His analysis of “sleep test” is very incisive. Lady Macbeth could not sleep at night since she conspired with her husband to kill many political rivals and in that process murdered her own sleep. But then, responsible people lie awake precisely because they have done the right thing. He dramatically concludes if people like Mother Teresa sleep badly and people like Hitler sleep well, then we can place no faith on “sleep test”. He brings in the conditions where “sleep tests” can be counted on. I enjoyed both the views.

Author also cities Ernest Hemingway’s view, “I only know that moral is what you feel good after and immoral is what you feel bad after”. Trouble is that, it is essentially post event. Secondly, I think, if one is adept in self reconciliation, some kind of rationalization can be made almost for any action. The examples that come to my mind are: “this is what I get as a punishment when I try to defend myself” – One of the convict’s last statement before he was executed. He killed two police officers. Another Case: A boy murders his parents and pleads the court to be lenient because he is an orphan now! Very rarely, people are at fault in their own eyes.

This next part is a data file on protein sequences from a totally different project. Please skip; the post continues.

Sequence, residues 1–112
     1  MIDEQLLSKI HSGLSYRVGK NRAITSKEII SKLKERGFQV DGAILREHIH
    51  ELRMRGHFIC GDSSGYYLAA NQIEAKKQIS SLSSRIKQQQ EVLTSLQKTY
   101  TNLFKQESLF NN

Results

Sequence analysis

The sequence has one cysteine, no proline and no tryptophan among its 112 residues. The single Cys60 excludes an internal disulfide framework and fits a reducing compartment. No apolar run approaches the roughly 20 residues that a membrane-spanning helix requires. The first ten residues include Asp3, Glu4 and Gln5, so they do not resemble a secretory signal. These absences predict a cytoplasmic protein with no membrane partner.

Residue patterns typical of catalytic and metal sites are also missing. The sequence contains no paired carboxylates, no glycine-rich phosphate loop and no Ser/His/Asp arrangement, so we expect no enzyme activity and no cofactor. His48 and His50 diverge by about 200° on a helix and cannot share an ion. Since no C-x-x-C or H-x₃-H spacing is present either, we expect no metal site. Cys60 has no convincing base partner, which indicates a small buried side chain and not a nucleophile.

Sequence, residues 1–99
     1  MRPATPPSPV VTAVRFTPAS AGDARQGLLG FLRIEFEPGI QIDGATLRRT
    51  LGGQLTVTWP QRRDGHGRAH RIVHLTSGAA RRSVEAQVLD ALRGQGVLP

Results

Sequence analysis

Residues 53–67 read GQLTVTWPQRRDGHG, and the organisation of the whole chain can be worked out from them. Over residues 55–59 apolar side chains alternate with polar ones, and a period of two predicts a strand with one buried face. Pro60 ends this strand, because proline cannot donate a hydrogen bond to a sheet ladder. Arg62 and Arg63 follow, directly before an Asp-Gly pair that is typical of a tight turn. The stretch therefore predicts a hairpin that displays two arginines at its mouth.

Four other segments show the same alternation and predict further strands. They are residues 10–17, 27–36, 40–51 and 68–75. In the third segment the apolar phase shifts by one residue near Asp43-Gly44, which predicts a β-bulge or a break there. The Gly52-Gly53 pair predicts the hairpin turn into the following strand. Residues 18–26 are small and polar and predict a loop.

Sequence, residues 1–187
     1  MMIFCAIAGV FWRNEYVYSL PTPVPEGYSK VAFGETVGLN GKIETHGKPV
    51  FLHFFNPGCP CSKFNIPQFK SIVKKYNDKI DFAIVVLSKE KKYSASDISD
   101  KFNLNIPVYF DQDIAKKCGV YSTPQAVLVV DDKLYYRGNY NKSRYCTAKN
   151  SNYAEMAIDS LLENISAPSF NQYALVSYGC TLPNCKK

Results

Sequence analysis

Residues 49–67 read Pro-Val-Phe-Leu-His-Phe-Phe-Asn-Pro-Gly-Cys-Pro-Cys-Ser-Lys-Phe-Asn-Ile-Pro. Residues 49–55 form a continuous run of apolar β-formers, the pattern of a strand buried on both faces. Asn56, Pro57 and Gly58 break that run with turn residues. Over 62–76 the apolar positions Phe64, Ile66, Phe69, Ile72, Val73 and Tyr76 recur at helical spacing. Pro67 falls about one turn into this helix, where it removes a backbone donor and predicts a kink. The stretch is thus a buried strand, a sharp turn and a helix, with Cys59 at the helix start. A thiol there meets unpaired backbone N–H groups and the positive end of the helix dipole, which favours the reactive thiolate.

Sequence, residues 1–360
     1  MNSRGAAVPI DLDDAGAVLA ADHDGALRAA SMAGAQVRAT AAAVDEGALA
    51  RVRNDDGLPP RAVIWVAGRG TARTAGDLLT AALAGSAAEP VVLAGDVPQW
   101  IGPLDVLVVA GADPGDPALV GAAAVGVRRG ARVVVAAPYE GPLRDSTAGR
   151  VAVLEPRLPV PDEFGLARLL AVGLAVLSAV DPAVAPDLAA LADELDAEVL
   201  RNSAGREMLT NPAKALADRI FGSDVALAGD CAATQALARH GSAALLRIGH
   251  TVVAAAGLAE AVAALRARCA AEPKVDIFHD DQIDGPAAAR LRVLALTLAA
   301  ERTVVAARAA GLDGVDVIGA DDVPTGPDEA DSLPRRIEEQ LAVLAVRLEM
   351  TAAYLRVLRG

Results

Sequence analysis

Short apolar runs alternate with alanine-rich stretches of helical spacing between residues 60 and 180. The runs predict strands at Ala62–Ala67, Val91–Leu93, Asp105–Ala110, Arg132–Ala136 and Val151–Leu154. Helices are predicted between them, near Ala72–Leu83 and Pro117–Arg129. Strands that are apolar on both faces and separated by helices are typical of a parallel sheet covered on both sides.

In terms of number pages, it is a puny one (126pages), but it is a heavy duty book in the sense, it would force you to examine some of your past decisions, path taken so far, and also what path would you want to take?. In any case, as I reflected I concluded that it is simply NOT possible to govern or manage innocently – unless one gets extraordinarily lucky all through his/her life or be in that position for too small a period.

Oh God, then the loss of innocence is real if the job is well done .

Thanks for reading thus far.

Saturday, May 1, 2010

Does IT matter by Nicholas Carr

When this article was published in Harvard Business Review (HBR-March 2003), it created such a stir, letters to editor ended up saying “enough is enough”. Such was the intensity and volume of response. For copious details refer :

Garr has a gift of articulating just about anything in a near zero sentimental way. He reminds me of a character in star trek episodes: DATA. The bye line of the title itself would make you sit up – “IT & the corrosion of competitive advantage” (IT as in Information Technology).
Garr declares “the transformation of IT from a source of advantage to a cost of doing business” raises a host of challenges for the business executive. If you think it is too presumptuous a remark to make, you would have read it with his examples to be convinced. Recall Mark Twain’s remark “Nothing is more annoying than a good example” - you may be annoyed mainly because it is more real than we would like.

At the heart of his sprawling argument is this: IT and Technology are means to do business. Now, they are commodity. Hence don’t look at them as differentiators but just as inevitable infrastructure items.